When ECS asked me to write about my grand-father, late Dwarika Das Shrestha, I did not realize how difficult it would be. For most of my childhood, Dashain and other occasional family gatherings were the only times we would meet. In fact, it wasn’t until my adolescence, when I started working for KATH 97.9 FM (now IMAGE) in Pako, New Road, that I found myself visiting him regularly at our family home in Khichapokhari.
Now, three years after his death, I continue to find out who he was. My grand- father was born to Thakur Das Shrestha and Hari Devi Shrestha in 1932 and was raised and educated in Darjeeling. He spent much of his youth there working with his father in the family shop, Das Studio (established 1927) before moving to Kathmandu in the early 1960s. Since then, he never really went back to Darjeeling. Instead, he established the Das Photo Stores in Kathmandu, offering everything that a photo shop could at that time, including video and photography classes.
It was during those years that he also helped pioneer the picture postcard industry in Nepal. The last several conversations I had with my grandfather in 2003, before I left for school in the USA, and when I returned in March 2004, were about exhibiting photographs he had taken over the years. In hindsight, I am surprised at my insistence to exhibit his photos, especially since at that point I had never seen them myself. Perhaps I was sure that they were worthy of exhibiting;
or maybe it was just a way in which I was trying to see his works; or perhaps it was just an excuse for us to work together on something. But, unfortunately, he died in April 2004, hardly two weeks after finally agreeing to let me have the photos and select them for an exhibition. The old leather suitcase covered with dust and full of slides, negatives and prints came home with me that day. It had been under his bed for almost a quarter century. Later that night, I spent hours shuffling through them and realized that in his death, I would find out more about his life.
He lost his wife to cancer in his ’40s and had himself fought alcoholism for a while during those years. When he retired he handed over the photo shop to my father who moved it to Kantipath/Jamal. By the time I started visiting my grandfather, he had become reclusive, often reluctant to talk about his past. But sometimes, he would give in to his inquisitive grandson. He talked about the time he took photos of Queen Elizabeth during her visit to Nepal in 1961, and also about being invited to take photos of the Royal families. But this year, I found out that he had even taken a photo of B.P. Koirala and secretly distributed it during the Panchayat era (1960s and ’70s).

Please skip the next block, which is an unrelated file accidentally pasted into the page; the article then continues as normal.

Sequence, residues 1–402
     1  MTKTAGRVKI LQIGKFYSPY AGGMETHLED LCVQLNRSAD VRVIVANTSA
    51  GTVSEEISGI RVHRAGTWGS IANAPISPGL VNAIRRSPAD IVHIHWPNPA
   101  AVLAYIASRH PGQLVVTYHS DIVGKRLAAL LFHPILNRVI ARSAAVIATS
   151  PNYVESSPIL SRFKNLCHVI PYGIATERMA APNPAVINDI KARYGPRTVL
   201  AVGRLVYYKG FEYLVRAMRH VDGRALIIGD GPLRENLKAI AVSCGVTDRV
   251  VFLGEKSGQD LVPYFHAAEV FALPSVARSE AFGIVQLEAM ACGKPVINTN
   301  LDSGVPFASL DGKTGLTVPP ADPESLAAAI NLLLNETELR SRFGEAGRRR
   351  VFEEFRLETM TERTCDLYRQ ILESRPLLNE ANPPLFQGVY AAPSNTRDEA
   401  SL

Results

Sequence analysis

He told me of his passion for mountaineering and how he was supposed to embark on an Everest expedition in the late 1950s, though he never told me that he and Tenzing Norgay (who climbed Everest with Hillary in 1953) had been friends. He was present during the inauguration of the Himalayan Mountaineering Institute (HMI) in Darjeeling in 1954, and was an active member of the institution, taking part in many of its trainings, including expeditions in January 1955, August 1955 and November 1956.
“Had it not been for my mom’s insistence, I would have gone on that Everest expedition,” he told me more than once. I recall my grand- father cautioning me against traditions that don’t make sense, and he didn’t seem to like the idea of living with regrets or dwelling in the past. During his last days, his afternoon naps and evening walks kept him content. But, in his younger days, he enjoyed his large circle of friends and outings; costume parties, drives, picnics and travels. I could never understand how he just stopped taking photos, but “now its your time,” he once said, “I have lived my moment.”
For the past three years, I have spent countless hours sifting through my grandfather’s works in an attempt to archive them coherently.It seems that every time I go through them, I realize something I had missed before, either about him or the moments in which he lived.
The dream of holding the exhibition was finally realized in August 2007, when ASMAN and Photo Concern of Kathmandu came together in collaboration with a few other partners, just in time to commemorate his 75th birth anniversary. It was pure coincidence that the British Ambassador, who was invited to inaugurate the event, had himself gotten some photos taken and processed at my grandfather’s shop in the early ’60s.
Several of the visitors who came had known him longer and perhaps better than I did. They remembered him as an old friend, and the city they loved, and recalled the days when they had photographed or walked through Kathmandu together many decades ago. Some were his classmates, some were fellow Rotarians and many others just remembered the shop in Darjeeling and in Kathmandu. Or, they simply knew my grandfather and had fond memories.